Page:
Now when picking out your first initial shotgun press you need to keep it as simple, and basic as possible until you truly get the hang of things. A single stage press is going to be your best bet as you manually move the shell from station to station, and have total control of what is going on, and can see what is done every step of the way. The two main single stage presses that are great for beginners and old timers still use them are the Lee Load All II, and the MEC 600 Jr. Mark V. Now the Lee Load All is inexpensive and comes with a lot of bushings for loading, but it is truly an entry level unit. It will work perfectly for you if you don't swap out what loads you do very often or you only do say trap loads. Otherwise it can be a pain changing all the bushings, powder, and shot around. The MEC is going to run a bit more $65 for the Lee at this moment and $199 for the MEC which it only comes with one bushing and charge bar.

MEC 600 Jr. Mark V

MEC 600 JR Mark V

Lee Load All II

Lee Load All II

There is a lot going on when reloading, and that is why it is so important to know what is going on in every stage of the process, and the exact reason I recommend that you learn on a single stage. I started on a Lee Load All years ago, and just last year moved from one to a MEC 600 JR. My son is now the owner of my old Lee Load All II

There are a couple key things that you should keep in mind if you cannot decide which would suit you better. Now mind you, even if you outgrow the Lee Load All II it is a great backup, and will last for years.

Are you going to do just a casual once in awhile reloading, and shooting of your shotgun? If yes then the Load All is a great start for you. If no then lets continue.

Are you going to be loading just one or two basic loads that are sporting loads? If yes then the Lee Load can work well for you.

Are you planning on doing various loads with different powders, and shot sizes, and will you be changing what your loading often to accommodate those loads? If yes then you need to start with the MEC. I have 15 different loads I use for just one of my shotguns which it is not a fast, and easy process to change everything around on a Load All especially that often so a MEC will win this one hands down.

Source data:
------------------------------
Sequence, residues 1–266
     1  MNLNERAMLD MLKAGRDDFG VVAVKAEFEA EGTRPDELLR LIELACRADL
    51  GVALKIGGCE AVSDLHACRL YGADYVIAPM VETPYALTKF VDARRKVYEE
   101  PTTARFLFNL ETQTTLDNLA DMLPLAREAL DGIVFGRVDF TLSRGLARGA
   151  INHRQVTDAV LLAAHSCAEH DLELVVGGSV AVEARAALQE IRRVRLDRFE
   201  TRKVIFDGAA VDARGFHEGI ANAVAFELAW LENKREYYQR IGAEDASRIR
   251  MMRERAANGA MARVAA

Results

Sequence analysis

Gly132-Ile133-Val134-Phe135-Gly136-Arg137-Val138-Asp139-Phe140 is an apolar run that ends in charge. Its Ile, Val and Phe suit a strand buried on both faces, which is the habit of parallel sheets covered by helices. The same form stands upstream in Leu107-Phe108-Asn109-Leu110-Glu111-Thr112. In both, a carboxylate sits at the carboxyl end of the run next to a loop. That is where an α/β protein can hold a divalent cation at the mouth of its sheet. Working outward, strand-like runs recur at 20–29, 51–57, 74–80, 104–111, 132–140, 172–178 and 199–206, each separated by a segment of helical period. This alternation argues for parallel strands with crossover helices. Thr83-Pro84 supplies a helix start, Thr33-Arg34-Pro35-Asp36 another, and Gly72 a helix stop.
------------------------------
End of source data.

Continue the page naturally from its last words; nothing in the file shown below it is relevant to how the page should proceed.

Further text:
Now using both of these I have got to 75 to 100 rounds an hour with the LEE Load ALL, and 100 to 150 with the MEC, BUT you can get an auto primer feed for the MEC which will speed things up drastically which I have yet to do. MEC also offers you the option of larger shot, and powder jars, universal charging dies, steel load conversions, and a lot of other extras. The one down side to the MEC vs. the Lee Load All is that the MEC you have to buy different bushings, and charge bars as where the Lee comes with a bunch, but you also will not have as many options from the Lee in bushings and charge bars than you would with the MEC.

A prime example is I have spent 2 years developing, and perfecting my high velocity lead small game hunting load. In Missouri when hunting squirrel, crow, and such especially on public lands you are taking long shots, and sometimes through a lot of foliage. I developed a load with 1 1/4 ounce buffered #4 magnum shot moving at right around 1,440fps out of a 2 3/4" shell. Now none of the Lee powder bushings would accommodate the powder charges so before I switched to a MEC I would have to use a powder dispenser set up next to the press, and actually have to remove the shell off the press to charge it. Which drastically adds time to the load because it already has to be removed from the press after having shot placed in it to add buffer (which I will go over the use of shotgun buffer in a later blog). With the MEC the only time I take the shell away from the press is to add the buffer after the shot is placed in the wad, and before the start of crimping. When doing these loads like this on the Lee I was lucky to get maybe 35 an hour done. With the MEC I can pop out close to 100 an hour.

I have a main load I use for Handicap trap, and sporting clays, and 2 backups. Which I always have backup loads for all my guns, and I cannot recommend having backup loads enough. I will post another blog on the importance of having back up loads, and multiple loads for each of your guns. Not just shotgun.

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